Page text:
It’s peculiar and very unpleasant to be sitting and writing an article while listening to the proceeds of your work go down the drain. Literally.
It started with a leaky faucet in my kitchen. It would be an easy fix, I figured, an extra expense, sure, but a manageable one. The plumbers came, agreed it was a straightforward job that could be accomplished within the one-hour minimum they charge for a visit.
That was before the old pipe broke (or, as I contend, before the plumbers broke the old pipe).
Three hours and a great deal of hammering and cursing later, I was left with a huge hole in my wall — “We don’t do drywall” — and a huge bill.
True, the faucet doesn’t drip anymore.
What does this have to do with Frankie and guilt-free dog blogging, you may wonder? I always think of freelance jobs in terms of what they will pay for — the utility bills, for example, or my health and car insurance payments. I try to budget, but can’t anticipate expenses like the aforementioned plumbing disaster. Or Frankie’s diabetes and the illnesses that suddenly strike him– and that the health insurance I don’t have doesn’t cover (see Health insurance for pets? Hell, yes!)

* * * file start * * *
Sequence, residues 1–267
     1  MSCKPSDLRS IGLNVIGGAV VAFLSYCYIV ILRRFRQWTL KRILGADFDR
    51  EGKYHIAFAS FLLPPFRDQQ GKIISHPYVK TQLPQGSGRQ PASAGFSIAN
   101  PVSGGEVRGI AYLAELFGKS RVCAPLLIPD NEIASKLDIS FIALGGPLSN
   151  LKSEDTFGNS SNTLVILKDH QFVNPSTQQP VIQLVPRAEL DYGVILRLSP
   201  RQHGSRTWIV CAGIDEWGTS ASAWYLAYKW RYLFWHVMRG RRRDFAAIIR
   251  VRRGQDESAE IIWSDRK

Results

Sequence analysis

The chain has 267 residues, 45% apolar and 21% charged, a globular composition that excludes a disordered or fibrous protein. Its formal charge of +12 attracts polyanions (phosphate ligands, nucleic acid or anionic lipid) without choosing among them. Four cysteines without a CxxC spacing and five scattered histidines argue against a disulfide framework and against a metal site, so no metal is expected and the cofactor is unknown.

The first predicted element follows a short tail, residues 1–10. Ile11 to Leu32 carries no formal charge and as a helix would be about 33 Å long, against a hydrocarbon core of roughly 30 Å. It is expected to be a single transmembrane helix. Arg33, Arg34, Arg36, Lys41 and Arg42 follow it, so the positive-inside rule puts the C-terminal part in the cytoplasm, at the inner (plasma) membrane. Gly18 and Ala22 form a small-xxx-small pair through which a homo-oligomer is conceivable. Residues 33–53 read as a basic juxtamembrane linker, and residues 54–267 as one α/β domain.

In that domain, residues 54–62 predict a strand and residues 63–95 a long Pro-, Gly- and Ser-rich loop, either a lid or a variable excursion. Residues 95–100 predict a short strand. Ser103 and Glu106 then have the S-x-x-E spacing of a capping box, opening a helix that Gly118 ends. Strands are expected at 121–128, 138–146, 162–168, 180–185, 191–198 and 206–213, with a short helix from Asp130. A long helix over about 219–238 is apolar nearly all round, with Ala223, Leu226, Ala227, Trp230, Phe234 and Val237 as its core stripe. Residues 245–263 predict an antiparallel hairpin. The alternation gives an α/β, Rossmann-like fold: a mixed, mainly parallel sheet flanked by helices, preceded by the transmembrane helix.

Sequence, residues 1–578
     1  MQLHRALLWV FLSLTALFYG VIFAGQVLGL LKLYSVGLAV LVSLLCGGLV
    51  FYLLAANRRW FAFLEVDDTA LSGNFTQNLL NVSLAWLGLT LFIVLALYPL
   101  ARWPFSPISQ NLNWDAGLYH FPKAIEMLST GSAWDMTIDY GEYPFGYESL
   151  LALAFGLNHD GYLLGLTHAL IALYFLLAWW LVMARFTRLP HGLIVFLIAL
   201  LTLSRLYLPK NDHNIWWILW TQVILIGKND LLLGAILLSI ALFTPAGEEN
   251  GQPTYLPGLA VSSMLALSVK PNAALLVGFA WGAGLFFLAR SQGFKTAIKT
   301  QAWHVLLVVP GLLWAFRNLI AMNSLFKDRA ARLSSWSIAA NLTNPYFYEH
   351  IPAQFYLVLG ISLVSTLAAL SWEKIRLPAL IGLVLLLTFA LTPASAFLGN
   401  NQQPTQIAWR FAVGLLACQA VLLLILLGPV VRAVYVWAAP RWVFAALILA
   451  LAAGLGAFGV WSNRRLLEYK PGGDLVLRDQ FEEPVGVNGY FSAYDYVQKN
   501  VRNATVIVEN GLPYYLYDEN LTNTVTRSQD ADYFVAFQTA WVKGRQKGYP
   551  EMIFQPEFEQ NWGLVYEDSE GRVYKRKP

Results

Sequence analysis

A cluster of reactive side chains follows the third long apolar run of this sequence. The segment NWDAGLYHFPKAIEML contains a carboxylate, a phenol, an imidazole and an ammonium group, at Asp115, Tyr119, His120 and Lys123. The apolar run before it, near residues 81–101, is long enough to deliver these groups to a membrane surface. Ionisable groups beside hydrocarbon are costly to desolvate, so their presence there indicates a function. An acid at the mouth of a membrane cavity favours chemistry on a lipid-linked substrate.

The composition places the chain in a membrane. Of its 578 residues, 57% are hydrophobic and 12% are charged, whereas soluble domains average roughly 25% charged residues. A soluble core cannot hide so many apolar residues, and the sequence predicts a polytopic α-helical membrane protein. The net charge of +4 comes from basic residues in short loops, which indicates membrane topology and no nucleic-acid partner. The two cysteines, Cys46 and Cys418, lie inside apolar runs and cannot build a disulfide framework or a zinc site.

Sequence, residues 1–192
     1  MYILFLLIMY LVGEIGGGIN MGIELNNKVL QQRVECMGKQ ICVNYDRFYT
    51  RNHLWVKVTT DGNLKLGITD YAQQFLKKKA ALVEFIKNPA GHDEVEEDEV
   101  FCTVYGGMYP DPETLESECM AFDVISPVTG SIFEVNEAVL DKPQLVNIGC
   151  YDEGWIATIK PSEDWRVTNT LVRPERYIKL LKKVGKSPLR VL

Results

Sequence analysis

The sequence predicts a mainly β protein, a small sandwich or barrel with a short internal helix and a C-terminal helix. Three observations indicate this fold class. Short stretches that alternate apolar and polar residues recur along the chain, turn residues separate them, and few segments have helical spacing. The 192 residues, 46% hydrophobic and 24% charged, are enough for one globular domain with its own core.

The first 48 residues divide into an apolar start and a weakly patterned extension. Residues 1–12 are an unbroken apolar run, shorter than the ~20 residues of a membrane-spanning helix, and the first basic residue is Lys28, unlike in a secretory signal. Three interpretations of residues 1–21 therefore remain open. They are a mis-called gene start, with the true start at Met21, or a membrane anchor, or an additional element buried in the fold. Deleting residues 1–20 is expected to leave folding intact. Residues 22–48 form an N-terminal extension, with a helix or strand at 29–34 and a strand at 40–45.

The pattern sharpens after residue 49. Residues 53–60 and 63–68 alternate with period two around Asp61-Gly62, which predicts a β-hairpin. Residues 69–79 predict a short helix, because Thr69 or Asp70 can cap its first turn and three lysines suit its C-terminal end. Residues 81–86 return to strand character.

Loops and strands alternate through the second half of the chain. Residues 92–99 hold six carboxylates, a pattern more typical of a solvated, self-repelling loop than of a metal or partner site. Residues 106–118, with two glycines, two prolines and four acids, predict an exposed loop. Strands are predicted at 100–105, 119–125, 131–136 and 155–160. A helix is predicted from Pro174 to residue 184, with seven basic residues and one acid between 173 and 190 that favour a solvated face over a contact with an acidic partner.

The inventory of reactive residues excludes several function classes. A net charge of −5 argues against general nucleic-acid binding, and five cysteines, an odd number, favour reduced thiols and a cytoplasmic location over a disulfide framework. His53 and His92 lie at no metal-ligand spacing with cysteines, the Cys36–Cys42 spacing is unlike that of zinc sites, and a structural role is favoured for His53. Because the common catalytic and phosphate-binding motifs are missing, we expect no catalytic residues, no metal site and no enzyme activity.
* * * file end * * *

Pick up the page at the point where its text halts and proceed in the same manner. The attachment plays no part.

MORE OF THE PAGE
Which brings me to the topic of my last post, dental care. Can I really justify a professional teeth cleaning for Frankie, no matter how much I would like to provide it — and how important I think it is?
Yes, there are organizations that help out with expenses for people in financial straits — my pal Mary Haight of Dancing Dog Blog provided several of them in the comments section of that post — but I can’t legitimately count myself among them, especially when it comes to prophylactic, as opposed to essential care. I have a savings account. I have a gym membership. I have cable TV.
Am I expected to dip into the former or forgo the last two for Frankie’s dental care? What’s a concerned dog owner to do?
Where do I draw the line? Where do you?